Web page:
[Haskell-cafe] How on Earth Do You Reason about Space?

Johan Tibell johan.tibell at gmail.com
Tue May 31 18:58:43 CEST 2011

Hi Aleksandar,

On Tue, May 31, 2011 at 6:10 PM, Aleksandar Dimitrov
<aleks.dimitrov at googlemail.com> wrote:
> Say, we have an input file that contains a word per line. I want to find all
> unigrams (unique words) in that file, and associate with them the amount of
> times they occurred in the file. This would allow me, for example, to make a
> list of word frequencies in a given text.

Here's how I would do it:

{-# LANGUAGE BangPatterns #-}
module Ngram (countUnigrams) where

import qualified Data.ByteString as S
import qualified Data.HashMap.Strict as M
import System.IO

foldLines :: (a -> S.ByteString -> a) -> a -> Handle -> IO a
foldLines f z0 h = go z0
    go !z = do
        eof <- hIsEOF h
        if eof
            then return z
            else do
                line <- S.hGetLine h
                go $ f z line
{-# INLINE foldLines #-}

-- Example use
countUnigrams :: IO (M.HashMap S.ByteString Int)
countUnigrams = foldLines (\ m s -> M.insertWith (+) s 1 m) M.empty stdin

> I have tried and tried again to avoid writing programs in Haskell that would
> leak space like BP likes to leak oil. However, I have yet to produce a single
> instance of a program that would do anything at all and at the same time consume
> less memory than there is actual data in the input file.
> It is very disconcerting to me that I seem to be unable, even after quite some
> practice, to identify space leaks in trivial programs like the above. I know of
> no good resource to educate myself in that regard. I have read the GHC manual,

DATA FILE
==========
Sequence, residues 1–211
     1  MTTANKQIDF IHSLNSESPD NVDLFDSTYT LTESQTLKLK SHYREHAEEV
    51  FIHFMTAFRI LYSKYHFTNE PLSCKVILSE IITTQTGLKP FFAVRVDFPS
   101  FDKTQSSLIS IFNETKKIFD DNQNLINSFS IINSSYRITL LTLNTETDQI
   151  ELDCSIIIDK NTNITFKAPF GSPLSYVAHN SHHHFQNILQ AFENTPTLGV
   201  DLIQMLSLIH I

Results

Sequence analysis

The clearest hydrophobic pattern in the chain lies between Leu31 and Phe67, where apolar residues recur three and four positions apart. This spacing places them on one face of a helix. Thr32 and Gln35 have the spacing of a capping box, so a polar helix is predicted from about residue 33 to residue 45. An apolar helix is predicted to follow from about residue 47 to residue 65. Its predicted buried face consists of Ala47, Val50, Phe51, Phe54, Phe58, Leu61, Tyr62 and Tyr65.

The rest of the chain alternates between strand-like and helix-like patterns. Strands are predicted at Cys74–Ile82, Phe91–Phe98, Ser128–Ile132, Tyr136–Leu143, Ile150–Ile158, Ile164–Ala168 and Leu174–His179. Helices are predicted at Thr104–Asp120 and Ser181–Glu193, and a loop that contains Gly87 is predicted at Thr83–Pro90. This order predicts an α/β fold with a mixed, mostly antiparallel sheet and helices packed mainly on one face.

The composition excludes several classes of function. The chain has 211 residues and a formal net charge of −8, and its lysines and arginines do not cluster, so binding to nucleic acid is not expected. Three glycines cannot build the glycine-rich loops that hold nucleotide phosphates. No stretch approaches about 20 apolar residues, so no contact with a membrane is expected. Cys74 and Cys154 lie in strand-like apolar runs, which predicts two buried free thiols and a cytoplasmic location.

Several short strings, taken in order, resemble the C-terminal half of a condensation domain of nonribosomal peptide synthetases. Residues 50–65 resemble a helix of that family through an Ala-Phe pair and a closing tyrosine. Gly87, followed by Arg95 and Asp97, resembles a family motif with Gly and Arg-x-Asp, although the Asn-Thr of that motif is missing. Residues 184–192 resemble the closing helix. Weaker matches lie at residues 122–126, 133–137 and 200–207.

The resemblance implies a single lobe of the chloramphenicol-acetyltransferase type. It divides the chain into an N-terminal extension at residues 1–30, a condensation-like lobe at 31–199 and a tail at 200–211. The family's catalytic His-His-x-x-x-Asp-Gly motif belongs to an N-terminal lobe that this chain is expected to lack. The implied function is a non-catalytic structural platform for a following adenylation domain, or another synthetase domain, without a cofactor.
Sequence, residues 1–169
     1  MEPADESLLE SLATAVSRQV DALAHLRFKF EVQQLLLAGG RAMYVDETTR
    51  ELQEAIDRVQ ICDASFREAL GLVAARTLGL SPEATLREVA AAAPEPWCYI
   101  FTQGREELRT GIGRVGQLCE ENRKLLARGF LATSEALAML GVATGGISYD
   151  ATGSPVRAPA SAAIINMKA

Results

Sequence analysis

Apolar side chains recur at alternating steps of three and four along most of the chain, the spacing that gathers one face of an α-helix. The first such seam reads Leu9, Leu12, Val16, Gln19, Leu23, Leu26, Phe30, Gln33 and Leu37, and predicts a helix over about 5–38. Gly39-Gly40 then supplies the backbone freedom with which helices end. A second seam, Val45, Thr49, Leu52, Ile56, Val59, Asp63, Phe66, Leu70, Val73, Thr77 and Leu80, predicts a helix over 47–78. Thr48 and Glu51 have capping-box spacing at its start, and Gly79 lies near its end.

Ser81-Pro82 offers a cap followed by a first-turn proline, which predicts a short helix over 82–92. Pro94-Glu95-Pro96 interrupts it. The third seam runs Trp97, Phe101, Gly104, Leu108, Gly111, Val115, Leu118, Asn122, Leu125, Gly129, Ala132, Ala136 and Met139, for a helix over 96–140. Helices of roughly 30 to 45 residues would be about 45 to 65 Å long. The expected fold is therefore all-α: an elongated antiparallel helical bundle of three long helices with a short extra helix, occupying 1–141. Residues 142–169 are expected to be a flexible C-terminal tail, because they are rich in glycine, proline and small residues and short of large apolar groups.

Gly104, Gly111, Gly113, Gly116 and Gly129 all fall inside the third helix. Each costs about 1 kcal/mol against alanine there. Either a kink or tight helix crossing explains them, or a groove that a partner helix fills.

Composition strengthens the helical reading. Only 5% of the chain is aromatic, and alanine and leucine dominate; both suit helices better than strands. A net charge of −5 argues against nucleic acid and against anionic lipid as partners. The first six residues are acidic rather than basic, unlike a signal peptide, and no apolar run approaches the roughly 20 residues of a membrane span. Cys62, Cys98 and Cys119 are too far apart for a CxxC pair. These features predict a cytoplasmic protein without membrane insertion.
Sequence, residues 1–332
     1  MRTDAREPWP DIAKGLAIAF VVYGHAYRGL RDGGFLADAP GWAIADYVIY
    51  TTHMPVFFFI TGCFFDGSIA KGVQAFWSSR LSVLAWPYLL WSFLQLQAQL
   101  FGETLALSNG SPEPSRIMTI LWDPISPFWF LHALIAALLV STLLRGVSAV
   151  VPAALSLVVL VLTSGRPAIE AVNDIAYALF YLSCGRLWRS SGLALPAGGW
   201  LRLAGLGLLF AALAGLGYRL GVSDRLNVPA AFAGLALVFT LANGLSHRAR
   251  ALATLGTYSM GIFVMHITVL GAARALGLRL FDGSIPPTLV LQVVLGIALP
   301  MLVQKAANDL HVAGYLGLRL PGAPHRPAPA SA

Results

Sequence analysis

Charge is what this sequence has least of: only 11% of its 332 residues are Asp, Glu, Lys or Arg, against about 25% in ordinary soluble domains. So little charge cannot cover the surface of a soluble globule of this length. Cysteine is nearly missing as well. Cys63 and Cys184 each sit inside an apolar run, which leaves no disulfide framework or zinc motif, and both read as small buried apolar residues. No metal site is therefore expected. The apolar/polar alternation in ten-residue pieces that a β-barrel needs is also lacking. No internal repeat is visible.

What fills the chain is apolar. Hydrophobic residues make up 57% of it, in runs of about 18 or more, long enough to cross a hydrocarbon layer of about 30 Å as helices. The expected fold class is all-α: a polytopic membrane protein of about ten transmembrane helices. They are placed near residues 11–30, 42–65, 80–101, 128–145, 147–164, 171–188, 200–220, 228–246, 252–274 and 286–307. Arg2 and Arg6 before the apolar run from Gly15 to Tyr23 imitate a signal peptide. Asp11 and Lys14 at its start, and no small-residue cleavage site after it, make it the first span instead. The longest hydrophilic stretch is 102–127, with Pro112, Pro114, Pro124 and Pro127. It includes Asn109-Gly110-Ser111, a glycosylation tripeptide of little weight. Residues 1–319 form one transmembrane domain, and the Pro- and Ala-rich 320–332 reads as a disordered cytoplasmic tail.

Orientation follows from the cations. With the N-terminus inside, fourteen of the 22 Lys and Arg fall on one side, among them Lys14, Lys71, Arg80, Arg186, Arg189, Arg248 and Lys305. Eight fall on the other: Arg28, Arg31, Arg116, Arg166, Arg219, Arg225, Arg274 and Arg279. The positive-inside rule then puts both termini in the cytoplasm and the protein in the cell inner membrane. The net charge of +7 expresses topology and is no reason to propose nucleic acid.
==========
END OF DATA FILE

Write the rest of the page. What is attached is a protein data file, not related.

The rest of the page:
> RWH's chapter on profiling, also "Inside T5"'s recent series on the Haskell
> heap, but no dice. Even if I can clearly see the exact line where at least some
> of the leaking happens (as I can in this case,) it seems impossible for me to
> prevent it.
> *thank you very much* for reading this far. This is probably a mostly useless
> email anyhow, I just had to get it off my chest. Maybe, just maybe, someone
> among you will have a crucial insight that will save Haskell for me :-) But
> currently, I see no justification to not start my next project in Lua, Python or
> Java. Sure, Haskell's code is pretty, and it's fun, but if I can't actually
> *run* it, why bother?  (Yes, this isn't the first time I've ran into this
> problem …)

We definitely need more accessible material on how to reliably write
fast Haskell code. There are those among us who can, but it shouldn't
be necessary to learn it in the way they did (i.e. by lots of
tinkering, learning from the elders, etc). I'd like to write a 60 (or
so) pages tutorial on the subject, but haven't found the time.

In addition to RWH, perhaps the slides from the talk on
high-performance Haskell I gave could be useful:



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